Yermak said that, since the start of Russia’s full-scale invasion of Ukraine, officials had recorded over 45,000 crimes related to Russia’s aggression, more than 31,000 of which are war crimes.

“This is only the data that we already know. Daily shelling of peaceful neighborhoods, mass murders, torture and rape, mass deportation to Russia – we still have an incomplete picture of Russian invaders’ crimes in the occupied territories,” Yermak said.

It is still not possible to accurately count the number of civilians killed by Russian forces during their assault on Ukraine’s eastern city of Mariupol. The Mariupol City Council states that the real number of victims during Russia’s relentless bombing of the city may far exceed the previously estimated 22,000 civilian casualties.

Yermak refused to talk about the civilian death toll from cities such as Bucha and Mariupol, saying that any figure he provided would “greatly underestimate” the true number. “We are afraid that a new tragedy will become known. We are afraid that the world will have to learn new names, new words scarier than Bucha,” he said.

Uncovering the scope of the Bucha massacre

Individual crimes committed by soldiers and officers of the Russian army are described by Yermak as “only the tip of the iceberg.” The special tribunal that Ukraine wants to establish would seek to bring senior members of the Russian dictatorship to justice.

“The main culprits are those who have started this terrible war…our goal is a fair trial and legal retribution. Time will tell how it will happen, but justice cannot be stopped,” Yermak said.

Russia’s illegal war against Ukrainian people

In March, the International Court of Justice (ICJ) called for the immediate suspension of Russia’s military operations in Ukraine, rendering Russia’s invasion illegal as per international law.

Similarly, the European Court of Human Rights (ECHR) called on Moscow to stop its military attacks against civilians and medical infrastructure. Despite this, Russia has attempted to bypass the binding rulings of ICJ and has outright ignored the demands of the ECHR. In June, Russia voted to quit the ECHR, in an act Metsola described as “cowardly.”

Ukrainian authorities say that the work of the new Special Tribunal would “complement” the work of the ICC and other criminal courts investigating reports of genocide. Seven countries have already officially recognized that Russia is committing genocide against the Ukrainian people in its invasion.

European Commissioner for Justice, Didier Reynders, lent his support for the prosecution of Russian war crimes and stated that the European Commission was “open to discussing” the possibility of a special tribunal.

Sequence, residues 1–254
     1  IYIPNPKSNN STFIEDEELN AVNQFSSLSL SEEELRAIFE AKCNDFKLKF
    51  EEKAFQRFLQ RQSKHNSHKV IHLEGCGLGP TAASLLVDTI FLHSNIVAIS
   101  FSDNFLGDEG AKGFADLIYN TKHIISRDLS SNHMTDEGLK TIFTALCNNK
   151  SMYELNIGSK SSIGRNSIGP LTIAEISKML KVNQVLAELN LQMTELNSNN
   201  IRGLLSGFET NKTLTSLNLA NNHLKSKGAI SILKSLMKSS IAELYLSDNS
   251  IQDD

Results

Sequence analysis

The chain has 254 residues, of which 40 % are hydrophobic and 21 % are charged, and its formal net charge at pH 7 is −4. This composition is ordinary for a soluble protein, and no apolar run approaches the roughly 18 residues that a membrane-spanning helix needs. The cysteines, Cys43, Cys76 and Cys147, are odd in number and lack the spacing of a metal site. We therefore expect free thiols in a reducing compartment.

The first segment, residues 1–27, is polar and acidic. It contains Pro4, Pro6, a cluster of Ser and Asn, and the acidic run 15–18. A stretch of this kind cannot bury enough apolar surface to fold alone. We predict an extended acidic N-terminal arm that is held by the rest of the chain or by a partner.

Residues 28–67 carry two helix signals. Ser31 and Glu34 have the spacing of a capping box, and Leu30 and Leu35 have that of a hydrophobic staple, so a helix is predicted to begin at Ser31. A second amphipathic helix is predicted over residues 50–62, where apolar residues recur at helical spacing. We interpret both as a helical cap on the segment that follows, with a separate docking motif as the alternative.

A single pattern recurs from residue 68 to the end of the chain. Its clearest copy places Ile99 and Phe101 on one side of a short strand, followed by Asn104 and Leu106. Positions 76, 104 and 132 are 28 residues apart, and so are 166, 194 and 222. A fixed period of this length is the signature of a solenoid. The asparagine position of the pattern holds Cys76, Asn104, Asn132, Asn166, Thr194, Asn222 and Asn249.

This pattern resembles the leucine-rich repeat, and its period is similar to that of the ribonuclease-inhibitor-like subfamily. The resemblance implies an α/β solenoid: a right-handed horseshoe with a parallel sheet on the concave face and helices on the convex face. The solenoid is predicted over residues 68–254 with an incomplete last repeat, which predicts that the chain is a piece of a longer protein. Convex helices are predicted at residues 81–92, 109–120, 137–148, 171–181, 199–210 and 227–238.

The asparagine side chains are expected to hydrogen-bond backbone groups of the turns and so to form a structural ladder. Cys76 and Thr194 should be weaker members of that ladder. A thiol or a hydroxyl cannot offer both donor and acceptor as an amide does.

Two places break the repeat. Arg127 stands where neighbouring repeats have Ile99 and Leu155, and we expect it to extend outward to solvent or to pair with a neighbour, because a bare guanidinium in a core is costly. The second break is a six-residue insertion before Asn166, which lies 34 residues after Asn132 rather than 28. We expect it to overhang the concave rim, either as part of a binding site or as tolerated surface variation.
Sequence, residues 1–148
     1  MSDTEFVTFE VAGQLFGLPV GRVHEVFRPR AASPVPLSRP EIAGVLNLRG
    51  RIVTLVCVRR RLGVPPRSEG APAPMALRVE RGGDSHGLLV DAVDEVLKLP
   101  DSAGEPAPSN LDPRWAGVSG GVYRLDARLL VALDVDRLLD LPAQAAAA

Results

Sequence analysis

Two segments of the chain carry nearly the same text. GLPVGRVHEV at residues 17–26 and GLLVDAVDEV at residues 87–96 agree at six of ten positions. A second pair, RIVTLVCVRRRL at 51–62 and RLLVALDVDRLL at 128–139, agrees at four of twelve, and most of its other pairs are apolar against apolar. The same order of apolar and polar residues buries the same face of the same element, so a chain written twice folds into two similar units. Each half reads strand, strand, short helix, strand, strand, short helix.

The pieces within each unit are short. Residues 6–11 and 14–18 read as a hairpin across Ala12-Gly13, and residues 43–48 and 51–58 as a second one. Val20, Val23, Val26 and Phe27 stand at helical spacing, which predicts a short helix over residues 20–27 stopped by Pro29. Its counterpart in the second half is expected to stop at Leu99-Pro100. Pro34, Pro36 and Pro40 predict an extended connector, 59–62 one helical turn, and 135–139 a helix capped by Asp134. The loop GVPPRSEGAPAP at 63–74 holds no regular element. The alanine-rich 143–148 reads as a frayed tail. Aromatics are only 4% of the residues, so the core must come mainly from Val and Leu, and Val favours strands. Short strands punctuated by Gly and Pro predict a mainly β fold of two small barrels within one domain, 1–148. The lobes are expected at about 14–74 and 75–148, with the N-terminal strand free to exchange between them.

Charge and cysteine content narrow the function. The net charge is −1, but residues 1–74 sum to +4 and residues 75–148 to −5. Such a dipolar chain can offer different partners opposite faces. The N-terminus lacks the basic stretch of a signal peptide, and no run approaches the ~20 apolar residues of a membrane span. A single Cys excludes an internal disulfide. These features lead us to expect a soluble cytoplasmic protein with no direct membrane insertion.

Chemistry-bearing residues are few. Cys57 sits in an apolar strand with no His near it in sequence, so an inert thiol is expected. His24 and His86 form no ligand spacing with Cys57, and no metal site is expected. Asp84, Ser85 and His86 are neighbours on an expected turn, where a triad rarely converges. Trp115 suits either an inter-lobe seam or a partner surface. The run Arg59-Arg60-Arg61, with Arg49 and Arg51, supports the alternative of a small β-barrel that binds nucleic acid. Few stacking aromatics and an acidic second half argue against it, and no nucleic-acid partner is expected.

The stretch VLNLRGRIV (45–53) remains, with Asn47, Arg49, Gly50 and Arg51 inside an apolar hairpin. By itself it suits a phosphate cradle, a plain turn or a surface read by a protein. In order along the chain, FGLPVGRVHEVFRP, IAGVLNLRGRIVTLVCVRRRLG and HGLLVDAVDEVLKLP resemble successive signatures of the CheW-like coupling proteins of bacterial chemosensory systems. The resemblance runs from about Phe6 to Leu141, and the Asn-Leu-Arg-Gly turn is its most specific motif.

“It is important to try to use all the possible tools to have real accountability, which is our goal for the next days, weeks, months, and if it is needed, the next years,” Reynders told the press.

Ukrainian Prime Minister Denys Shmyhal, alongside European officials, looks at photos of Russia’s war crimes in Ukraine captured by photojournalists from the Ukrainian Association of Professional Photographers at the “Russian War Crimes” exhibition in Brussels on Sept. 5, 2022. (Dylan Carter)Victor Pinchuk, a Ukrainian oligarch and founder of the Yalta European Strategy (YES) annual forum, first unveiled the “Russian War Crimes” exhibition to world leaders during the World Economic Forum in Davos in May, where Pinchuk rented “Russia House,'' renaming it “Russia’s War Crimes House.” Unveiling the pictures of war crimes again in Brussels, the oligarch lamented that the collection had grown.

“For me, it’s very depressing to see that unfortunately, we have much more images, much more tragic, very powerful images compared to what was shown in May,” Pinchuk said.

Amid the mounting reports of Russian war crimes and an ever-growing burden of evidence, Metsola pledged the European Parliament’s commitment to Ukraine.

“I want to assure you, we will not turn a blind eye to the horrific attacks on your country, on your people. We stand firmly with our Ukrainian friends and will do whatever it takes to bring the perpetrators of these crimes to justice,” Metsola said.

“Russian War Crimes” opened on Sept. 5 and will run until Sept. 15 at the Ukrainian Civil Society Hub, in the former Europe Station in front of the European Parliament building in Brussels, Belgium. Entry to the exhibition is free to the public.